In mesophyll, salt induces chloroplast alterations (vesicule dilatation, numerous plastoglobuli, large starch grains) particulary in lower leaves (Fig. 2 C). In upper leaves chloroplast structure is relatively well preserved (Fig. 2 B) by comparison to controls (Fig. 2 A). In minor veins, the presence of large wall ingrowths in transfer cell gives support for the implication of these cells in assimilates collection (Fig. 3 A, C). Salt stress increased by six times the wall ingrowth area, but only in lower leaves whereas it is unmodified in the upper ones. In main veins involved in long distance transport of assimilates, under salt treatment the wall ingrowth area was increased by three times both in upper and lower leaves (Fig. 3 B, Table 2). Similar deep alterations induced by NaCl occured in transfer cells of both minor and main veins in lower exporting leaves (Figs. 3 E, F).

Figures 2. Chloroplasts of control (A), treated upper (B) and lower (C) exporting leaves of Medicago sativa cv Gabs treated by NaCl for 4 weeks. G: grana, P: plastoglobuli, S: starch. bar: 0.1 μm

Table 2. Wall ingrowth area in transfer cells of the blade of Medicago sativa cv Gabs treated by NaCl (0 and 150 mM) for 4 weeks (Values are means with standard deviations from measurements on 20 cells per group of 10 minor and 10 main veins).

NaCl treatment

% Wall ingrowth area of transfer cell in leaves

Upper leaves

Lower leaves

VeinType

Minor

Main

Minor

Main

0 mM

14.5 1.3

3.6 0.6

9.4 1.7

5.61.3

150 mM

16.6 1.0

11.0 0.9

60.4 3.0

17.93.2

Figures 3. Ultrastructure of phloem complex in the exporting leaves in minor (A , C and E) and main veins (B, D and F) in control (A and B) and NaCl-treated Medicago sativa cv Gabs (C and D: upper leaf, E and F: lower leaf). CC: companion cell, P: plastid, PP: phloem parenchyma,TC: transfer cell, SE: sieve element, arrow: walls ingrowths, star: nacreous wall, bar: 1μm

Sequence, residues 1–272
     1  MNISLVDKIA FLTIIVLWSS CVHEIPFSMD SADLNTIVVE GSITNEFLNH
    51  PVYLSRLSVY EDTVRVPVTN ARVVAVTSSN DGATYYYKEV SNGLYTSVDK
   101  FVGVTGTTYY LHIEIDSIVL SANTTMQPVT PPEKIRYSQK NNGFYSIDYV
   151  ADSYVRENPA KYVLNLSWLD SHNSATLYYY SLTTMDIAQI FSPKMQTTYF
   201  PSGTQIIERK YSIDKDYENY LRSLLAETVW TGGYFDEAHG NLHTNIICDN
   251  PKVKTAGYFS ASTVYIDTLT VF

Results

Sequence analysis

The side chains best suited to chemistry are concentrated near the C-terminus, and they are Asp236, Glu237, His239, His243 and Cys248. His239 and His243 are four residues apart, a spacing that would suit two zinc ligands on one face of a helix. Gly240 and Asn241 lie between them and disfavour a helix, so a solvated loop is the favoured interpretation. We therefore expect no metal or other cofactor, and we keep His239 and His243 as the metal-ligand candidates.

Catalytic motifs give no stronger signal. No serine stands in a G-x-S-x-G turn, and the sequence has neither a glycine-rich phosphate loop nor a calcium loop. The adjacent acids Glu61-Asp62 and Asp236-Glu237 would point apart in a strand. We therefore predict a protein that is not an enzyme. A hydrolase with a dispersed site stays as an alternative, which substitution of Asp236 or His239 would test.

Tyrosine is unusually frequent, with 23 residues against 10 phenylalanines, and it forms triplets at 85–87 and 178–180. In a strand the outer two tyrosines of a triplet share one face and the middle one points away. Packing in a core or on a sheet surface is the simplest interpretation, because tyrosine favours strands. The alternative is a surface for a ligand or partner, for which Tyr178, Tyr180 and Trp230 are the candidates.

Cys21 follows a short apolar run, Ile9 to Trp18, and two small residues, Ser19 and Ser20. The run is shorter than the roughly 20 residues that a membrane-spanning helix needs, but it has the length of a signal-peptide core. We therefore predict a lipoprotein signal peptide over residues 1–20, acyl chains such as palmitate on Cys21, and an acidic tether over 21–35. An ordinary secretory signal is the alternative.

Discussion

A long term NaCl stress exposes Glycophytes to ionic specific stresses such as Na+ toxicity and K+ deficiency. Survival in such conditions is linked to the maintain a low level of the toxic Na+ in assimilating sites, it might be achieved through recirculation by phloem. In Arabidopsis, this mechanism allows to efficiently protect aerial tissues from Na+ invasion (Berthomieu et al. 2003). In Medicago sativa cv Gabs, upper exporting leaves, with low Na+ content have kept a preserved structure by comparison with the lower ones, where a high Na+ content induces margin chlorosis. In Medicago sativa, Na+ might recycle from upper leaves towards lower leaves and roots as in Trifolium alexandrinum (Winter 1982 b). The structural basis of such a mechanism is the presence of transfer cells in minor veins. These cells confer to plants a particular adaptation to intraveinous recycling (Pate et Gunning 1972). More recently, their presence in minor veins has been correlated with apoplasmic loading of assimilates (van Bel 1996). Moreover , these cells are also known to accumulate Na+ under saline conditions (Flowers and Luchli 1983). In Medicago sativa cv Gabs and in lower leaves, the Na/K ratio measured using SIMS imaging, in phloem complex of minor and main veins is increased by salt stress in minor main veins (Boughanmi 2003) it might be the consequence of Na+ storage in the enlarged apoplasm that will induce transfer cells necrosis. In these leaves, starch grains accumulate in mesophyll, in consequence, the development of phloem wall ingrowth transfer cells is not due to an increased collection assimilates but rather to a raise of Na+ loading.